WASHINGTON — President Joe Biden on Thursday issued executive orders aimed at "ghost guns" and other gun modifications, citing the Boulder shooting as an example of what at least one of his orders would target.
Biden also called for a ban on assault weapons and high-capacity magazines and ordered the Justice Department to publish model "red flag" legislation for states that don't already have a red flag law. Colorado enacted a red flag law in 2020.
Biden, calling gun violence in America an "international embarrassment," took several actions:
- Orders the Justice Department, within 30 days, to issue a proposed rule to help stop the proliferation of “ghost guns."
- Orders the Justice Department, within 60 days, to issue a proposed rule to make clear that when a device marketed as a stabilizing brace effectively turns a pistol into a short-barreled rifle, that gun will be subject to the requirements of the National Firearms Act.
- Orders Justice Department, within 60 days, to publish model “red flag” legislation for states.
- Orders his administration to investing in evidence-based community violence interventions.
- Orders the Justice Department to issue an annual report on firearms trafficking.
Biden cited the Boulder shooting when announcing the order about the stabilizing brace making a pistol subject to the National Firearms Act, which requires certain weapons, such as sawed-off shotguns and machine guns, to be registered with the federal government and a $200 fee to be paid.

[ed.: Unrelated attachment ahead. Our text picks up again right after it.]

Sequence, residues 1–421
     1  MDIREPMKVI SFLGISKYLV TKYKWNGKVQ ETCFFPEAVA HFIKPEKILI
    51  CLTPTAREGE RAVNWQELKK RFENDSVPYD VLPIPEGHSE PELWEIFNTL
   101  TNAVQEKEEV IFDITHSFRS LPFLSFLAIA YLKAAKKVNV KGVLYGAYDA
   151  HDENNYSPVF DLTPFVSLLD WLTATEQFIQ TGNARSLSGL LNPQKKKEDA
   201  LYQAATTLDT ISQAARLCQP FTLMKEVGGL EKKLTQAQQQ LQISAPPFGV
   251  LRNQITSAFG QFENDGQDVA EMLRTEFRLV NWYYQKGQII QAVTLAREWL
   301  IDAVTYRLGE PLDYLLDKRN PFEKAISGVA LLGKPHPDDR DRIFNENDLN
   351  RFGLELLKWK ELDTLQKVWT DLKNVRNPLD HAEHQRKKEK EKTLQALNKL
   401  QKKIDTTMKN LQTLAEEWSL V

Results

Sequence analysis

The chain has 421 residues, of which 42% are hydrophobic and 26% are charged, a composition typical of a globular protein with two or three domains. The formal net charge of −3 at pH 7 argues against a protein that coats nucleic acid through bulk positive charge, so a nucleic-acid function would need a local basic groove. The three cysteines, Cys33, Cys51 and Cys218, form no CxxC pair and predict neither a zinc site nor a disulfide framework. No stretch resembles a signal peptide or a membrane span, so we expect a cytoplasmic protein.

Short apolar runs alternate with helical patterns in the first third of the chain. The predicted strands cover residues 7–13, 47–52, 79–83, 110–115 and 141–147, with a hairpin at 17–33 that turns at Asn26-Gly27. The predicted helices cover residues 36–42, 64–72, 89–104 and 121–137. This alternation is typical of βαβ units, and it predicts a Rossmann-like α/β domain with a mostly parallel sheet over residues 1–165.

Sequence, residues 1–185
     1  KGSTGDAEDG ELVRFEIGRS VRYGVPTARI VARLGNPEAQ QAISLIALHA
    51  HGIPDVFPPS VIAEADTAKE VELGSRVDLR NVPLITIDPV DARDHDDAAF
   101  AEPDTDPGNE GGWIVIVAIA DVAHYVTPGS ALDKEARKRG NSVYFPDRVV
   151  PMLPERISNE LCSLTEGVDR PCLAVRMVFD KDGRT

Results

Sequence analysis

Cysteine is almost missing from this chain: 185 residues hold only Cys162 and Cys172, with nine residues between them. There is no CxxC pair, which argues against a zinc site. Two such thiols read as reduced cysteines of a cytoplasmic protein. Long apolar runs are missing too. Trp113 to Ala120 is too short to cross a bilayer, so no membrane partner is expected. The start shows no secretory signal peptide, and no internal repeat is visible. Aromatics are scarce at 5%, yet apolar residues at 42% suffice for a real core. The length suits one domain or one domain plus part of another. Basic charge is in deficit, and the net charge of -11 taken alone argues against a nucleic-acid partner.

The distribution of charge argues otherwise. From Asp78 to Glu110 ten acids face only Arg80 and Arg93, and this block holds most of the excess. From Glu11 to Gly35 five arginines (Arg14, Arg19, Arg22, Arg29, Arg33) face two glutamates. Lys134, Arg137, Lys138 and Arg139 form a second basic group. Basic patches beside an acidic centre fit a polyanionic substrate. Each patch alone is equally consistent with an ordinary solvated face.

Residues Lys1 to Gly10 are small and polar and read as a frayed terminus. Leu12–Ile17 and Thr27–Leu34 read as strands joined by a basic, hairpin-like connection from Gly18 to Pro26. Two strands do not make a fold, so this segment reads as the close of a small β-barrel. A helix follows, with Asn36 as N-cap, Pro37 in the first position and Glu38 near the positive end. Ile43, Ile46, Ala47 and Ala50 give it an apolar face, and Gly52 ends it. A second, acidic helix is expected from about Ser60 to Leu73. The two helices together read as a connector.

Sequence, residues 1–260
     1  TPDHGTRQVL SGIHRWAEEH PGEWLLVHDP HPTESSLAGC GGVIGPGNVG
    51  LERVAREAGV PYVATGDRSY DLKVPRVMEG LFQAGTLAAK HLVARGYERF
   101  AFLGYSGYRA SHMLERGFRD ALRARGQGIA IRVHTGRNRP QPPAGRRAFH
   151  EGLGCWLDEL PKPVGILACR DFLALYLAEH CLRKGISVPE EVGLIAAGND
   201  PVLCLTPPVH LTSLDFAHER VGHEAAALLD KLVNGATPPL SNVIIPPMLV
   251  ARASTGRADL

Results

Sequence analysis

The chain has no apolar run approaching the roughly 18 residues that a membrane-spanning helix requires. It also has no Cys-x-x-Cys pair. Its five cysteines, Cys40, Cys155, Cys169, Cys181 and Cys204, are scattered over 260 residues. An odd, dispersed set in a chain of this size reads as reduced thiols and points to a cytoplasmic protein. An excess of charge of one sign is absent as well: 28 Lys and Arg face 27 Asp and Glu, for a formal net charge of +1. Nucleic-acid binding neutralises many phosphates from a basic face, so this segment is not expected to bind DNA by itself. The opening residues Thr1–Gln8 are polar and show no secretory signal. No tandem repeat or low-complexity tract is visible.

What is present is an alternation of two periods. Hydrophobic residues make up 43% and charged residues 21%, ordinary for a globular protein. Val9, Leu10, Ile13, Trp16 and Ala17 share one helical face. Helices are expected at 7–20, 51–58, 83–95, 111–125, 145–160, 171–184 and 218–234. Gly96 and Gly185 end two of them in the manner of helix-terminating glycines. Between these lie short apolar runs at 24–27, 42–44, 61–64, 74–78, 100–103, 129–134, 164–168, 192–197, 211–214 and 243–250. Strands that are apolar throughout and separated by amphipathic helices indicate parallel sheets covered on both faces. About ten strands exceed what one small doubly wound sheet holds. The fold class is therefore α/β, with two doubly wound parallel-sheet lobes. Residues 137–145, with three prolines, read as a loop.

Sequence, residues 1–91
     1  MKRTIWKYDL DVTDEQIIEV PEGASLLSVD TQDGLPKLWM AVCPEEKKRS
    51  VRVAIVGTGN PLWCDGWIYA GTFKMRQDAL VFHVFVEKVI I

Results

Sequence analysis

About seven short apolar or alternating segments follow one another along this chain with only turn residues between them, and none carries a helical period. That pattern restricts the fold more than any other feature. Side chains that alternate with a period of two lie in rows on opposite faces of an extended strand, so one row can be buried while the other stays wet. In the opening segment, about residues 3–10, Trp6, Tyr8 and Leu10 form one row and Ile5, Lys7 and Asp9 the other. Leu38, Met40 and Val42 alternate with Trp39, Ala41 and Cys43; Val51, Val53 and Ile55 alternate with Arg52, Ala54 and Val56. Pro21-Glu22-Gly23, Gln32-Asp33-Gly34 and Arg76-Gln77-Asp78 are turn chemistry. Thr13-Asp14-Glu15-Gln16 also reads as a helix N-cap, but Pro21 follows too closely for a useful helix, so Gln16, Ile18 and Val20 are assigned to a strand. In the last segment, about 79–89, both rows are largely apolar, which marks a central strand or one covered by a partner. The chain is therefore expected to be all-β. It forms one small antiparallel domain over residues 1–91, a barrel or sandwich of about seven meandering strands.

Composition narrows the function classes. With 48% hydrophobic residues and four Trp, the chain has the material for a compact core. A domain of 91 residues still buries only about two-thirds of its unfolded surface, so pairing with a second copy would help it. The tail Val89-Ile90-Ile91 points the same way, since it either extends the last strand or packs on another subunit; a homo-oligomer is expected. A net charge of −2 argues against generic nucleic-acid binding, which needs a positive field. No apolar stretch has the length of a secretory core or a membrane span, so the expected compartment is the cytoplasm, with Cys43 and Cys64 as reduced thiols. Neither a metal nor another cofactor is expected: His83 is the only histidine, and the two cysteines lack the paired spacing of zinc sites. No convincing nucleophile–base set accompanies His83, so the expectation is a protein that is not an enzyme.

The Boulder shooting suspect allegedly used an AR-556 semi-automatic pistol, authorities said. The AR-556 can be made more accurate through the use of a stabilizing device.
“These braces are not anything new. The design is new, and you get more stability out of the brace, but it does not modify the actual functioning of the firearm,” said Ken Padgett, a former Denver Police SWAT officer. “It doesn’t add capacity, it doesn’t add velocity, it doesn’t add anything to the firearm at all except for the fact that it makes it a little more stable.”
Padgett spent more than 32 years in law enforcement, is a firearms trainer and used to run his own gun range and retail store.
He says the stabilizing brace can make it easier for a user to shoot a gun with only one hand and might add to the accuracy depending on the user.
The executive order requires the Justice Department to come up with new rules around this accessory within 60 days. The National Firearms act of 1934 lays out the definitions for what is considered a shotgun, rifle, handgun, etc.
“Within the boundaries of those definitions the ATF has the authority to write regulations that might clarify those things,” said David Kopel, an adjunct professor of constitutional law at the University of Denver’s Sturm College of Law.
The executive order would treat a gun with a stabilizing device more like a rifle. Kopel says depending on how the rule change is worded, it could face legal challenges since a rifle, by definition, is something that has a stock to stabilize the gun against your shoulder while these devices stabilize the gun against your arm.